Each player needs to assemble their army before they can battle. To do this they spend game points to buy units or squads of different qualities. Both players should agree on an amount of game points before they start and the first game should be 50 points to keep it simple.
The squads consists of either five models or ten models with a squad marker assigned to the unit. Squad markers are a single dice, showing where the unit is on the table and what quality the squad is. Also each squad has a squad leader in it, this is the unit's commander and the more living leaders you have the better your army will perform. The squad leader is either a soldier that is different from the othersin the squad and in other squads (except other squad leaders) or one that is marked. May toy soldier sets have models holding binoculars or pistols and these make excellent leaders but if this is too much hassle simply take a black Sharpie marker and color in the base of one soldier in each unit making him the leader.
To buy a squad with game points the player simply decides what quality of squad it is and how many are in the squad. The quality of the squad is how good they are at shooting. Quality ranges from Green, to Veteran, to Elite with each being better than the last. Green troops cost a lot less but aren't as good and Elites are very expensive but very good shots.


Green Squads:

5 soldiers = 5 points
10 soldiers = 10 points


Veteran Squads:

5 soldiers = 15 points
10 soldiers = 30 points


Elite Squads:

5 soldiers = 25 points
10 soldiers = 50 points


When a player puts a squad onto the battle field he should place the squad marker showing the quality of the squad. The dice should show a '6' for Green, a '5' for Veteran, or a '4' for Elites. If a player or a referee catches another player changing a squad marker then the squad is immediately eliminated if it is his own and if it is another player's then his largest and best quality squad is eliminated instead. In some cases using dice as squad makers is too difficult and in these instances it is best to instead cut out carboard counters an inch square that read; GREEN, VETERAN, or ELITE so all players can see the squads quality clearly.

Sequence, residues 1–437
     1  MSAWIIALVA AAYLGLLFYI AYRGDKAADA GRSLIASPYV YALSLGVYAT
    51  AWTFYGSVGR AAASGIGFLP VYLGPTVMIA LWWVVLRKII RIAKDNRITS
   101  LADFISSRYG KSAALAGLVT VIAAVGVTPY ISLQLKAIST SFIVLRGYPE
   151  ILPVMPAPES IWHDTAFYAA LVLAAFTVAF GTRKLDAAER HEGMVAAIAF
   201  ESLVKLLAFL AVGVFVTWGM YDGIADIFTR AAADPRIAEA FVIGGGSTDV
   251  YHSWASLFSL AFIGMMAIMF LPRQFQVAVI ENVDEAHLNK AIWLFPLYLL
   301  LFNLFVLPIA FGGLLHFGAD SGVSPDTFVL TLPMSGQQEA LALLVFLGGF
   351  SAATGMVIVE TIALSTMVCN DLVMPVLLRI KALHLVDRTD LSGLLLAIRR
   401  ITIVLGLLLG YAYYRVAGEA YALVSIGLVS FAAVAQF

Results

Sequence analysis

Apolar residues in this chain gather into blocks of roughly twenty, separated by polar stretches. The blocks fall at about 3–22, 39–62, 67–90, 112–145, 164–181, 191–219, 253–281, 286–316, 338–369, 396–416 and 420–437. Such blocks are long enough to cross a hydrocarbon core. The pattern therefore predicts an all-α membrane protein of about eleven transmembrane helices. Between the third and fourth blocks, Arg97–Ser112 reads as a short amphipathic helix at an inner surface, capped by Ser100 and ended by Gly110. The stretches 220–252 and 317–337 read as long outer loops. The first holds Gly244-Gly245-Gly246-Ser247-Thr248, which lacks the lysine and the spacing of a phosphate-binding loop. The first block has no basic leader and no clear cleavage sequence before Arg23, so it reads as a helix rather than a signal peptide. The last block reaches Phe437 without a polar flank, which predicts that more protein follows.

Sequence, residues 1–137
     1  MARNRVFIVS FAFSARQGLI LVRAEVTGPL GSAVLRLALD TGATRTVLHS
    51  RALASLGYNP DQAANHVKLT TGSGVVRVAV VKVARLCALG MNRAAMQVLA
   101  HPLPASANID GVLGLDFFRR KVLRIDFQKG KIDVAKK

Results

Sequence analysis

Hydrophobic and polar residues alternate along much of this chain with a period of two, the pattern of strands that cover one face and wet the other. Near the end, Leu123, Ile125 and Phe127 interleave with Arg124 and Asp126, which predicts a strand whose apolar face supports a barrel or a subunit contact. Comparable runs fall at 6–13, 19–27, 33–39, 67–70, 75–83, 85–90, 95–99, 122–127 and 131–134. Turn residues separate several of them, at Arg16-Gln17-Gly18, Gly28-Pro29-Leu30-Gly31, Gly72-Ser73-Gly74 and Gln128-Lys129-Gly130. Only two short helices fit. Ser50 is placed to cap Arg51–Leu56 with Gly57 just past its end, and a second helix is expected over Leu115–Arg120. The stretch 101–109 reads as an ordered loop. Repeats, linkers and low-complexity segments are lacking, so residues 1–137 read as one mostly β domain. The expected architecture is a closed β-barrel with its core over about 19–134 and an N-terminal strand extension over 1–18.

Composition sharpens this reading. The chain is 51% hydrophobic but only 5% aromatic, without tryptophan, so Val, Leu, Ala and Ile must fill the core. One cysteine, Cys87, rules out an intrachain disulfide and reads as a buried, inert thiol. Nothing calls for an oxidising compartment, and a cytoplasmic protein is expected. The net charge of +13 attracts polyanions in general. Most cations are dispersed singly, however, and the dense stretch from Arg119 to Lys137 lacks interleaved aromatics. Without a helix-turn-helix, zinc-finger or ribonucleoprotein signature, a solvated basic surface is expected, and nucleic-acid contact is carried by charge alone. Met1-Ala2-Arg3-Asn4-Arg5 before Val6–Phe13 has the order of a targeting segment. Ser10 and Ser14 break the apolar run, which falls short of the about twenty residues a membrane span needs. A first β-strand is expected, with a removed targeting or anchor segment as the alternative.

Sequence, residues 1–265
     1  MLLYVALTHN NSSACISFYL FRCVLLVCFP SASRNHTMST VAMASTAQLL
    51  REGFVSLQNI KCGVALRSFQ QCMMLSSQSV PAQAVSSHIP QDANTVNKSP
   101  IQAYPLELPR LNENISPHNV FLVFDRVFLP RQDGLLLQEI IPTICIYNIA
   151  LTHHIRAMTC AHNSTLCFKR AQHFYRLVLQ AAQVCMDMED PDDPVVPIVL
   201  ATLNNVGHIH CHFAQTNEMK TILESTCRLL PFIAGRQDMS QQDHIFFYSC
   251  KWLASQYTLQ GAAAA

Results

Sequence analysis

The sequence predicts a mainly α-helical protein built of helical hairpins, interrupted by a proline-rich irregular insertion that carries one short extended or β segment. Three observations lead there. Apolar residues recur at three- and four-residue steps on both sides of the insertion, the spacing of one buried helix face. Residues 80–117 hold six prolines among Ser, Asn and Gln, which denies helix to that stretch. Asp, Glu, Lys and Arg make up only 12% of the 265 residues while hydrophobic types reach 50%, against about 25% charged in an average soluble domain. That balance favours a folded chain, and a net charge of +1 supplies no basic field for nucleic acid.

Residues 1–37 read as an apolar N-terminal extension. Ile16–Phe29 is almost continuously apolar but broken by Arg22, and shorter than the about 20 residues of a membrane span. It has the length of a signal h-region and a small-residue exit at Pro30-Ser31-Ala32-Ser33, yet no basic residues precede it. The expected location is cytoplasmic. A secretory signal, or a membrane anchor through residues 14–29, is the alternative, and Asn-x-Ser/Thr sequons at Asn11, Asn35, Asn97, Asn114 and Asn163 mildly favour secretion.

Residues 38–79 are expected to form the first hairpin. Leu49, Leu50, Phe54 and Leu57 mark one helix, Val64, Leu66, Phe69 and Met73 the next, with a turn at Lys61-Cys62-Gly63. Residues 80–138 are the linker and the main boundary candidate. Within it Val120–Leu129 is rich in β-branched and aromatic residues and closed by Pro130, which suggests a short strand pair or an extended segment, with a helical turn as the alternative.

So a player with 50 game points might buy an army like this;
1 Elite five soldier squad for 25 points.
1 Veteran five soldier squad for 15 points.
1 Green ten soldier squad for 10 points.
This totals up to 50 points and gives the player an army of 3 squads that makes an army of twenty soldier models.

Deploying the Army: after you have built your army and have the battle field decided you have to deploy them. This is easy, each player rolls one dice and the highest roller selects a place where his army will enter the battlefield by placing the ruler along the edge of the battlefield. That is the deployment zone for his army. The player to his left does the same but his must be at least 24 inches (two ruler lengths) from any other deployment zone. You continue to do this until everyone has a deployment zone. Next roll the dice again and the lowest roller has to place his entire army on the field by putting their squad markers anywhere within one ruler length of the deployment zone. Players continue to place their armies until they are all placed.

Part Two: Fighting Battles
This part is all the rules for moving, shooting, and the order of playing.


Order of a Game Turn: every battle consists of game turns and each battle should be limited to a only so many game turns. Very rarely do battles continue until only one side is left standing, eventually someone realizes it's not going their way and pulls out before any more troops are lost. The normal game should be played for 4 turns but players can play to any agreed number of turns.

The first thing to determine in a game turn is Initiative which is defined as who gets to go first. To determine Initiative both players roll one dice for each squad leader they still have in the battle and add together the results of the dice. The player with the highest total has the initiative and selects one of their units, may move it if they wish, and may shoot with it at an enemy squad. After this has happened the player to that player's left goes next and so on until it comes back around to the player with initiative. They then select and move another squad and this continues until each player has moved three squads, then the turn is over.